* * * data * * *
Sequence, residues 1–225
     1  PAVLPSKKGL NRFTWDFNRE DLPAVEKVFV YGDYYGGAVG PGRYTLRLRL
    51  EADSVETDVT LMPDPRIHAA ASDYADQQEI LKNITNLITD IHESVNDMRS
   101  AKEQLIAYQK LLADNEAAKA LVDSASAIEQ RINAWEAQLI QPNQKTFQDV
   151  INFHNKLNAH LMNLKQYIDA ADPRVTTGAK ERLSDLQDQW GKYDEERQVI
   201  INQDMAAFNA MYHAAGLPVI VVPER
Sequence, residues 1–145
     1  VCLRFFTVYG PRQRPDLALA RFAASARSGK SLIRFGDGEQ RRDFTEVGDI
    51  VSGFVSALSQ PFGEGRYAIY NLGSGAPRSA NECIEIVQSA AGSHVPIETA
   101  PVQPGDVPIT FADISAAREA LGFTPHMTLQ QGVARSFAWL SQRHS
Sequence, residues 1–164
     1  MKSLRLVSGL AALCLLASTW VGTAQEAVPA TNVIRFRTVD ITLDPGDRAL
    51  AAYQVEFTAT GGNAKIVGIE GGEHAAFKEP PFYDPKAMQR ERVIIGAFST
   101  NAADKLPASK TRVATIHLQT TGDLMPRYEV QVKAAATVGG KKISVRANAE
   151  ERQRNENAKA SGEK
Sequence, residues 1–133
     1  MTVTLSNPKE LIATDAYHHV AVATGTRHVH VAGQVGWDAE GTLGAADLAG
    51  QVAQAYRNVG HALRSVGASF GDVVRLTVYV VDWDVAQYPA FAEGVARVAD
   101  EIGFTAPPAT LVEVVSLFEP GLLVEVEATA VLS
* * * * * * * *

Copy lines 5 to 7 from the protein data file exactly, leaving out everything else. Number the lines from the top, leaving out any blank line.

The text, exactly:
   151  INFHNKLNAH LMNLKQYIDA ADPRVTTGAK ERLSDLQDQW GKYDEERQVI
   201  INQDMAAFNA MYHAAGLPVI VVPER
Sequence, residues 1–145